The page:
But long-term care insurance can be expensive. Can Ms. Sturm, who makes less than $70,000 a year, manage that? And does it make sense?

“It is expensive but not having it is also expensive,” Ms. Overman said. She estimated that such coverage for Ms. Sturm would cost about $1,900 a year. “I bet you she’s paying that much in car insurance.”

The youngest of three children from a musical family, Ms. Sturm has enjoyed her “nomadic” existence, but it has left her finances scattered through four separate retirement accounts. Ms. Overman’s advice: consolidate. “She does need to consolidate into a single I.R.A. so she can diversify without having to keep track of 14 different statements which she doesn’t read anyway.”

Ms. Overman, who is also president of the Financial Planning Association of Florida, works with clients by initially assessing their tolerance for risk. After answering 25 questions, Ms. Sturm’s results showed that she was very conservative — more so than 80 percent of investors.

Ms. Overman’s strategy to plump up Ms. Sturm’s conservative portfolio was to get her to put the maximum contribution into her 403(b) savings plan and put even more each month into a Roth I.R.A. “If she can bump it up to the 15 percent level and rebalances her portfolio, she has about a 70 percent chance of hitting her retirement goals.” This sunny prognosis is aided by Ms. Sturm’s pension, larger than she had thought, but still too small to live on even when combined with Social Security. As a last and vital move, Ms. Sturm needed to reduce her expenses by about 35 percent at retirement, Ms. Overman said. “If she doesn’t make these changes, her chances are zero. That’s the problem.”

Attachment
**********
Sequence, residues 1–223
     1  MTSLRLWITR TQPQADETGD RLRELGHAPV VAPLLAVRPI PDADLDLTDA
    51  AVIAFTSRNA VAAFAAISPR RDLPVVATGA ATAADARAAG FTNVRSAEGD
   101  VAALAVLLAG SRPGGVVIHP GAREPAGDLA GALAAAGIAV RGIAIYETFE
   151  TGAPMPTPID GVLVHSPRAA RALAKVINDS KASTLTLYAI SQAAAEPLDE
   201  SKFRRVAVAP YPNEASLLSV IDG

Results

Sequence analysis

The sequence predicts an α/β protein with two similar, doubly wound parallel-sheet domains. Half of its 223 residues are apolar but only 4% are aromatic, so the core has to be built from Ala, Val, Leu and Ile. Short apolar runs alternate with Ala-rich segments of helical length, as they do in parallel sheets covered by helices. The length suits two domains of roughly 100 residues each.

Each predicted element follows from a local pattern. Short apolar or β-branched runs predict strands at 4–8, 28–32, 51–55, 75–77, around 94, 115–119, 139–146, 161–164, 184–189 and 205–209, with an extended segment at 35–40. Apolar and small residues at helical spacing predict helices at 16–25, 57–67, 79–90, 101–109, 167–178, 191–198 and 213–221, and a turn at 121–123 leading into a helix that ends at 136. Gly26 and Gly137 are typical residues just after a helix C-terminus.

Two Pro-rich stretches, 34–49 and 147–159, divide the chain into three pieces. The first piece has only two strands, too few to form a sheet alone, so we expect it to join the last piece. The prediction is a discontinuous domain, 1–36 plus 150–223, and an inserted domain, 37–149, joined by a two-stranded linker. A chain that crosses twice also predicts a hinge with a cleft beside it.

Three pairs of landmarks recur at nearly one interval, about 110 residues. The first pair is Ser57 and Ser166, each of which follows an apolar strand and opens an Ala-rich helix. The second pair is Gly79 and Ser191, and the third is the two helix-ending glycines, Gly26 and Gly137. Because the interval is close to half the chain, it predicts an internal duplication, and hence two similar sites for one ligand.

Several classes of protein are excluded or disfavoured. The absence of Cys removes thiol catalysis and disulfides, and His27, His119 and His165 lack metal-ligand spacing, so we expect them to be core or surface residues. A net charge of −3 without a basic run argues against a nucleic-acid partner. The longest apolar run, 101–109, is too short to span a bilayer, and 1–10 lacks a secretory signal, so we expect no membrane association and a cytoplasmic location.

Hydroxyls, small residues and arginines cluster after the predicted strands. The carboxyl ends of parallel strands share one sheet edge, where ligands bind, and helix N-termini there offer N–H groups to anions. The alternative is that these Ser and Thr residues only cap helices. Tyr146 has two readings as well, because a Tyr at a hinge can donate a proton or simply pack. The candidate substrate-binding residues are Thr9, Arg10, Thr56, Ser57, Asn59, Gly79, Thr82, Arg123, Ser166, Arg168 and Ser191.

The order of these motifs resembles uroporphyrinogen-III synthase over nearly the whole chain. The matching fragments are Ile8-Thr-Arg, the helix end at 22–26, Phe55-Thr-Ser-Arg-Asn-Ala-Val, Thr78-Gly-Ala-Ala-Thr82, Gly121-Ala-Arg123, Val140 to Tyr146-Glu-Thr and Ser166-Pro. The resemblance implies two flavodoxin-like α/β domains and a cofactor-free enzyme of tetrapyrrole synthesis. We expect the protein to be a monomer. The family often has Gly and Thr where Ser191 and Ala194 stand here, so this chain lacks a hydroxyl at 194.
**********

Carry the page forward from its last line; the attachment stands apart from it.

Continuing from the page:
Ms. Sturm’s expenses needed triage. Her cash balances were too low for Ms. Overman. After putting a down payment on the home and lending cash to her sister at 2 percent interest, Ms. Sturm needed to find places to cut. After a rather painful realization, she accepted Ms. Overman’s suggestion that she create and stick to a budget. “For someone who is creative, dealing with that hunt and peck is painful,” Ms. Sturm said. In the past, she never paid attention to grocery prices, but now was learning to pass up costlier items in favor of less expensive ones.

And that musical logic? Ms. Overman found that it had its advantages. She may not be trained in financial strategies, but “she’s very astute,” Ms. Overman said.

One smart move was buying half a dozen round-trip plane tickets from here to her job in Las Vegas. With rising oil prices and airfares, Ms. Sturm wanted to lock in current prices as a hedge. Also on her mind were tax deductions she might be able to take to reduce her commuting bill of $300 a week. “I need to ask around,” she said.

So many changes in such a short time left Ms. Sturm reeling but energized. “I don’t know how fast it can happen. But that’s the way I run my life: open the door; make the moves. And not just sit there, stunned.”